Barbados becomes a republic, renouncing British queen

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Barbados

swears in its president as head of state as the Caribbean island distances itself from its colonial past.

’ first president Sandra Mason, stands after being sworn in at midnight [Jeff J Mitchell/Getty Images via AFP]

has become a republic, removing the British monarchy as the country’s head of state and severing the Caribbean island’s last remaining colonial ties nearly 400 years after the first English ships arrived.

At the stroke of midnight, hundreds of people lined Chamberlain Bridge in the capital, Bridgetown, to celebrate the birth of the new republic. The national anthem of was played over a crowded Heroes Square, and a 21-gun salute was fired.

The heir to the British throne, Prince Charles, stood solemnly as the royal standard was lowered and the new was declared, a move that republicans hope will spark discussion of similar proposals in other former British colonies where Queen Elizabeth II still reigns.

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Sandra Mason was sworn in as ’ first president in the shadow of ’ parliament after a dazzling display of Barbadian dance and music, complete with speeches celebrating the end of colonialism.

Singer Rihanna attended the event marking ’ transition to a republic [Toby Melville/Pool via Reuters].

Mason was elected by the country’s House of Assembly and Senate in a joint session last month.

Winston Farrell, a Barbadian poet, told the ceremony, “Full stop this colonial page.” “Under the Union Jack, some have grown up stupid, lost in the castle of their skin.”

He explained, “It’s about us, rising out of the cane fields, reclaiming our history.” “Stop everything she’s saying and replace her with a Bajan.”

The removal of the British queen as ’ head of state, according to supporters of the transition, sends a powerful message.

“Tonight is the night!” exclaims the narrator. read the Daily Nation’s front-page headline in

Celebrations in the lead up to becoming a republic and severing ties with the British monarch [Jeff J Mitchell/Getty Images via AFP]

 

“This is more of an emotional, historic, symbolic decision than a practical one,” said Lucia Newman, Al Jazeera’s Latin America Editor, who was in Bridgetown for the celebrations.

Last year, during the annual Throne Speech, local leaders announced the move to republicanism, which they described as the “next logical step toward full sovereignty.”

“The time has come to fully leave our colonial past behind,” Mason said, speaking on Mottley’s behalf as governor-general at the time. “The Barbadian people want a Barbadian president.”

Barbadians have been planning celebrations for their new republic in Bridgetown, with Prince Charles expected to deliver a speech emphasizing that the island’s warm relations with the United Kingdom will continue despite the constitutional change.

“I am content. “Without a king or queen from England, we’re on our own,” Nigel Mayers, 60, an orange vendor in the city centre, told the Reuters news agency. “After independence, this is the full drop.”

The UK’s Prince Charles speaks with President-elect Sandra Mason as he arrives in Bridgetown on November 28 [Toby Melville/Reuters]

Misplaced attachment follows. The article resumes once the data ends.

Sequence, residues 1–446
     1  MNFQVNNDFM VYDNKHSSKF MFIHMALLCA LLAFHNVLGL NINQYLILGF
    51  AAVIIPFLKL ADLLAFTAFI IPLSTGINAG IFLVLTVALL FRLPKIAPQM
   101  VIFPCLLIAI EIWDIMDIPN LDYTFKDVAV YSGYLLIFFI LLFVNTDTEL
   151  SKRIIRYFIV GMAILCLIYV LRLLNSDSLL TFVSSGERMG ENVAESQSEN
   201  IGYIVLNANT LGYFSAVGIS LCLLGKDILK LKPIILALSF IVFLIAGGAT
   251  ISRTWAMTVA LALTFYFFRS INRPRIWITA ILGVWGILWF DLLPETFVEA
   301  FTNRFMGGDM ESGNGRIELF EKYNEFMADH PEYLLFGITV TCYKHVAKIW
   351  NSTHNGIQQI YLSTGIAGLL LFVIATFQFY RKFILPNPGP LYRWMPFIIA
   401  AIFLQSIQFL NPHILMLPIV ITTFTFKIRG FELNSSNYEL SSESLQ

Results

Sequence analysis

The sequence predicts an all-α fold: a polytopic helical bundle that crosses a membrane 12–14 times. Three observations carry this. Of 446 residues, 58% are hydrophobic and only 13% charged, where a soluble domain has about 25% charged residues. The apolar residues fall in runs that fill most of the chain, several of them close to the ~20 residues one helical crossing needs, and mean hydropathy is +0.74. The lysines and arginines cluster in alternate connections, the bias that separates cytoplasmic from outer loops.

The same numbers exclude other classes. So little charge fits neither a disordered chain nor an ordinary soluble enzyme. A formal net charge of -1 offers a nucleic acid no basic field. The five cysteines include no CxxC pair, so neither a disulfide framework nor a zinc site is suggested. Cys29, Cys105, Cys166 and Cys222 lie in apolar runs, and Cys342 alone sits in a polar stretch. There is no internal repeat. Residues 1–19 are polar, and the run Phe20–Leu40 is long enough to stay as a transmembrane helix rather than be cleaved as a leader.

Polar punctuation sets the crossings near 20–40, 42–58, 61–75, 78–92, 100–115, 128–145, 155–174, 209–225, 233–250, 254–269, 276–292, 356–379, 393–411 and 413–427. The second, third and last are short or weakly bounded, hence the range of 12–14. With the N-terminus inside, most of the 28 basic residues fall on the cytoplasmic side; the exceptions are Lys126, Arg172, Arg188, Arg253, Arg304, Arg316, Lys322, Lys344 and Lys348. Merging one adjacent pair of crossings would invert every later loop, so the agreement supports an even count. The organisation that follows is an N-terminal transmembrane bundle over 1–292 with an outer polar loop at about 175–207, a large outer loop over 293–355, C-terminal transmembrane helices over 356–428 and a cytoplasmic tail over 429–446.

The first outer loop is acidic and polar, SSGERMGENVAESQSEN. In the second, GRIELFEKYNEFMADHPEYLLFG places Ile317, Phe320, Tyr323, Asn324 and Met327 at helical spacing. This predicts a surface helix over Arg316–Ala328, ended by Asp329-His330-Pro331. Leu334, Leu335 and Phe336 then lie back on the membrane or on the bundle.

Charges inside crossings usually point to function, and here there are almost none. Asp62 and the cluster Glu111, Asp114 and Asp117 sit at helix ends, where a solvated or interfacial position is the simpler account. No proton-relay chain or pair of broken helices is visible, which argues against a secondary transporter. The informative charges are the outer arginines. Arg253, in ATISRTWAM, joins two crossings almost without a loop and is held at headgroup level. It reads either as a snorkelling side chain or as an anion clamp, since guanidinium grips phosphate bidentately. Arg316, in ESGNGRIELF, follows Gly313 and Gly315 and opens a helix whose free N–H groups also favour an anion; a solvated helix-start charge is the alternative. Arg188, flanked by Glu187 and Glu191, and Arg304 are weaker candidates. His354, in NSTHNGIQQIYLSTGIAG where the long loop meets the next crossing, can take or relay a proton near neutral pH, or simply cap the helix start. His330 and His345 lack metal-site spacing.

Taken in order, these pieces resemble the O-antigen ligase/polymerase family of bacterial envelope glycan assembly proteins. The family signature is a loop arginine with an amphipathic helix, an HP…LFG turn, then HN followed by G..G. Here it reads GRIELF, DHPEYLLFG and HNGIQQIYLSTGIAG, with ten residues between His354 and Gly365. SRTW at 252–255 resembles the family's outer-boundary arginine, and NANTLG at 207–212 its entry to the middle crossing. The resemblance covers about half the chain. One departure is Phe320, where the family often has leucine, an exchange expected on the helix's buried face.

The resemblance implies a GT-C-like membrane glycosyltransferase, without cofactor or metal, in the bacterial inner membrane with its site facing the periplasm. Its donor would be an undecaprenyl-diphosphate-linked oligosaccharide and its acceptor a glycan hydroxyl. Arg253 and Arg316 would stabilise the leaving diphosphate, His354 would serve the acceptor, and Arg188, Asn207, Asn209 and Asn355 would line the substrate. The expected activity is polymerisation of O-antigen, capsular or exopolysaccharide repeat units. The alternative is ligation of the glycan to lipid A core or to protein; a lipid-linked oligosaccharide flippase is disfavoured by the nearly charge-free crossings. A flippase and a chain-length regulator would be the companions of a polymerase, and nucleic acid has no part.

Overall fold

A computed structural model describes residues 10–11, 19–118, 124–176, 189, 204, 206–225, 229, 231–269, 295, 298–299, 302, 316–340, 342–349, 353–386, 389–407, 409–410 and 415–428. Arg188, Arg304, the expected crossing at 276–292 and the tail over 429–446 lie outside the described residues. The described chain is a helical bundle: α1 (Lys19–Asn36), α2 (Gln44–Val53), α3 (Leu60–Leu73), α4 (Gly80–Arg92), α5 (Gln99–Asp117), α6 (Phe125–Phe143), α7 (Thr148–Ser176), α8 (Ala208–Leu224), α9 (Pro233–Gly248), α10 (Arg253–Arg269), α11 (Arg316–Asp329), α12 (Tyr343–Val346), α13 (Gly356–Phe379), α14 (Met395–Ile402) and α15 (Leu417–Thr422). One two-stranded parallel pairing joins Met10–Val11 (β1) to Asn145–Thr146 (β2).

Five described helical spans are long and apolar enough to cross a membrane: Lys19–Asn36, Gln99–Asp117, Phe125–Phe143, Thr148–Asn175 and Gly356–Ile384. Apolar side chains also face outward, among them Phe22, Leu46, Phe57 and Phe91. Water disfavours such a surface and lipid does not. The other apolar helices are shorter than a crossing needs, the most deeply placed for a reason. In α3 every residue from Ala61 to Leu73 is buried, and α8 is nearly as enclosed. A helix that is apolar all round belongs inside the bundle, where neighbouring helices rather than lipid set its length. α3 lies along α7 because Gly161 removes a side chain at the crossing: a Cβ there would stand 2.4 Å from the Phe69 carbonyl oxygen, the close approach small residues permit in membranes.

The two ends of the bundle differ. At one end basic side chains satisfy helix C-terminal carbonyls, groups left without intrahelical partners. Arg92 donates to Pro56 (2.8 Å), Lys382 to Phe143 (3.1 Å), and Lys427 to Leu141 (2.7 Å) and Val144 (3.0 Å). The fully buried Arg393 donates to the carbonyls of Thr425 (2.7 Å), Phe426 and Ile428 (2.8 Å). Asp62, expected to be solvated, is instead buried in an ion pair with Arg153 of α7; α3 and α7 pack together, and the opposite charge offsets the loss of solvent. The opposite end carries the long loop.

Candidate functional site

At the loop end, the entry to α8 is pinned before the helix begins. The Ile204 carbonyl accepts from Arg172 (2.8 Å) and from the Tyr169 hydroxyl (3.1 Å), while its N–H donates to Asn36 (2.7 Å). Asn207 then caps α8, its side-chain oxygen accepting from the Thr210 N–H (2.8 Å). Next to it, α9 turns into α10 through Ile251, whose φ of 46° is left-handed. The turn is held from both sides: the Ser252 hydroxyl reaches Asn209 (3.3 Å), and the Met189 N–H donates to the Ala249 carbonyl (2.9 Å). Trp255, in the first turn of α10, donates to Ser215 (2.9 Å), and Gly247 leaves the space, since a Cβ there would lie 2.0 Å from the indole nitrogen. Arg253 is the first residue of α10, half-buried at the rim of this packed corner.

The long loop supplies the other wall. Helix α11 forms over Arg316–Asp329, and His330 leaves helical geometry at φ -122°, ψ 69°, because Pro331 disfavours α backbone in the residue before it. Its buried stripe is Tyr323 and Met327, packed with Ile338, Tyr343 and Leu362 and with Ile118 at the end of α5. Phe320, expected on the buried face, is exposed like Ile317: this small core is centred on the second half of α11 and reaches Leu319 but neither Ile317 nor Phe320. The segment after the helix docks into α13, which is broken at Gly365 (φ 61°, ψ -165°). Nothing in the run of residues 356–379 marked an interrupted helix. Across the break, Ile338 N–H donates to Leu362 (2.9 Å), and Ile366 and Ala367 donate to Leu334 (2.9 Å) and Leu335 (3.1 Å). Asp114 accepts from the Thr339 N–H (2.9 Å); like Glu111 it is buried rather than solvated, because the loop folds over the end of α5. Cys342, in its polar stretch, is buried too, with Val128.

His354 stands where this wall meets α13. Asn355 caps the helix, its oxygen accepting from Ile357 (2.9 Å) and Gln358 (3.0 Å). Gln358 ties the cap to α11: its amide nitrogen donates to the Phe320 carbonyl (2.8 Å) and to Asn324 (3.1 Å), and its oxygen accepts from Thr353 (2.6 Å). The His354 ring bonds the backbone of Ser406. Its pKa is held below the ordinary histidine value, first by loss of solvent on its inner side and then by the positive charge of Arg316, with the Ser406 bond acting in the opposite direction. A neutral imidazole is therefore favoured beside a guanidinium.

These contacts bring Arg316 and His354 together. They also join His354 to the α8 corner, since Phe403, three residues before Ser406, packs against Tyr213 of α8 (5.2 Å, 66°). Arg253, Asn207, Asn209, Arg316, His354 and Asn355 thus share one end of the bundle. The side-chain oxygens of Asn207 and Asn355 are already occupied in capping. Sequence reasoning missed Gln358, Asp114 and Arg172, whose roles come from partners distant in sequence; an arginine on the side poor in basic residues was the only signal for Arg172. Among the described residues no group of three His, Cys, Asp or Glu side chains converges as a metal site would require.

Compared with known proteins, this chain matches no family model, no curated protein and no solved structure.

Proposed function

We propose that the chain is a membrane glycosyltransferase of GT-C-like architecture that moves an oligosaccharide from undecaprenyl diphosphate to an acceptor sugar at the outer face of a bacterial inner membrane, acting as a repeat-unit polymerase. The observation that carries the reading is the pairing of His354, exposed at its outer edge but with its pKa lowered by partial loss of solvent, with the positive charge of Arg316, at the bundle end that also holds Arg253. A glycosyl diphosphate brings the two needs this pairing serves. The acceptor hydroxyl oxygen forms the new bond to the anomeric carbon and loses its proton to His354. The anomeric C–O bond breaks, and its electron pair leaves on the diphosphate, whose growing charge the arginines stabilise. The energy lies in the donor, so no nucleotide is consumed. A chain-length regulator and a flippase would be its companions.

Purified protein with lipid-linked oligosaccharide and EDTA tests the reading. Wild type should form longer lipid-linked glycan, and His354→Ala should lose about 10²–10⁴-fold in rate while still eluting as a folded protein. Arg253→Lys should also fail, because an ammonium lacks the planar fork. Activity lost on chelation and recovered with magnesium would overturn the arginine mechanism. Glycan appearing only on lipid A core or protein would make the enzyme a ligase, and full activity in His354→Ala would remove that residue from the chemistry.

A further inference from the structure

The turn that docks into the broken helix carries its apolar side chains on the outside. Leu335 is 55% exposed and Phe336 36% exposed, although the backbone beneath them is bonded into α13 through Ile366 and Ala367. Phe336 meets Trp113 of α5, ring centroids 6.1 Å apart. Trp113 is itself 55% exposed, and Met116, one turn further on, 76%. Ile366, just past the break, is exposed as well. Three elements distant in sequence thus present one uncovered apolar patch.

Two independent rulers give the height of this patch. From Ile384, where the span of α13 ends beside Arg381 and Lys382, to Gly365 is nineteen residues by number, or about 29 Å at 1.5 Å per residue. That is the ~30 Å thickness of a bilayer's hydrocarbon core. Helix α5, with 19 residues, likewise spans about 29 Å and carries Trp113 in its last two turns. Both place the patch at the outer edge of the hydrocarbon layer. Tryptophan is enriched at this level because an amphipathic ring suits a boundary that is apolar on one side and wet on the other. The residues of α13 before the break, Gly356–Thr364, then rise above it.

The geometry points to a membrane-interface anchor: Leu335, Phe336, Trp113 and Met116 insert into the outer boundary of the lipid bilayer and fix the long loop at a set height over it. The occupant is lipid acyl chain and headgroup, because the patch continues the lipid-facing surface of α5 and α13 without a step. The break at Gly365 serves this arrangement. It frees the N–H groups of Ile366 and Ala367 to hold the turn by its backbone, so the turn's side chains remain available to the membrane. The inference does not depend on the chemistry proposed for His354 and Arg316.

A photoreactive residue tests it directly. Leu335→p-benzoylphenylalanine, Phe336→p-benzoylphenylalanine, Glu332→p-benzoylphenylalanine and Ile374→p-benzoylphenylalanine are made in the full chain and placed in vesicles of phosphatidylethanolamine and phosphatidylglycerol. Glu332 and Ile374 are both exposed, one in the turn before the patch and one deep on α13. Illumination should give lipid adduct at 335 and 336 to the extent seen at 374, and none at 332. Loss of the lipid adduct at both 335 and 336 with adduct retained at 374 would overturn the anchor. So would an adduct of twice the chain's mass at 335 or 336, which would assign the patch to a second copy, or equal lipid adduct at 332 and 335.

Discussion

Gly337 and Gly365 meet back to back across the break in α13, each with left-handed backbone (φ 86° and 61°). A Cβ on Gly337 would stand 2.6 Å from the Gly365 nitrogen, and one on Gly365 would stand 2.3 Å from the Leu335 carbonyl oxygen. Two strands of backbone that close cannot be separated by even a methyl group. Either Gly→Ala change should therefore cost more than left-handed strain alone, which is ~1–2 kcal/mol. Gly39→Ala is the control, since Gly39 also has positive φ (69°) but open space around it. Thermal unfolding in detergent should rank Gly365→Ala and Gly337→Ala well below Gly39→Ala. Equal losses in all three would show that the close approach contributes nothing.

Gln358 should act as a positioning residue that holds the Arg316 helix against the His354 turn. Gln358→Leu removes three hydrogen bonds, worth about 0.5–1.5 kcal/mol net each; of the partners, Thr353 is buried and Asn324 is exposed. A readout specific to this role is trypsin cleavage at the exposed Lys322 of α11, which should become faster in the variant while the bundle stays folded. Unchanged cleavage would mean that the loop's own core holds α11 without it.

will remain a Commonwealth republic, which consists of 54 countries from Africa, Asia, the Americas, and Europe.

However, Australia, Canada, Jamaica, New Zealand, and Papua New Guinea will join the Commonwealth realms, bringing the total number of Commonwealth realms to 15, including Australia, Canada, Jamaica, New Zealand, and Papua New Guinea.

Mauritius, an Indian Ocean island, was the last country to renounce the Crown in 1992.

Experts believe ’ decision will fuel republicanism in other Commonwealth countries, particularly in Jamaica, where the two main political parties support total independence from the monarchy.

’ decision, according to Joe Little, managing editor of London’s Majesty Magazine, was a “natural progression” of a trend that began with Queen Elizabeth II’s accession to the throne in 1952.

“I think it will inevitably continue – and probably accelerate – not necessarily in this reign but in the next,” he told the AFP news agency.

, a small island with a population of nearly 300,000 people, gained independence from the United Kingdom in 1966.

“This has been a long process,” said Kevon Edey, an independent political analyst. “Even before independence, was aiming for full sovereignty.”

Since the 1620s, when British settlers turned it into a sugar colony reliant on the labour of thousands of enslaved Africans, the country has been under British control until 1834, when it was emancipated.

The UK has been called upon to compensate and other Caribbean islands for their brutal history.

Coast Guard remove The Queen’s Royal Standard flag at the Presidential Inauguration Ceremony at Heroes Square in Bridgetown as Barbados officially became a republic [Jeff J Mitchell/Getty Images via AFP)

 

However, the COVID-19 pandemic has negatively affected Barbados’ tourism-dependent economy, and some residents claim that this is more concerning than the looming constitutional change.

Laurie Callender, a 43-year-old information technology specialist, told Reuters that “everyone is more concerned with their dollar today and what that means for tomorrow, especially with prices of things going up.” “That, in my opinion, is what people are talking about more.”

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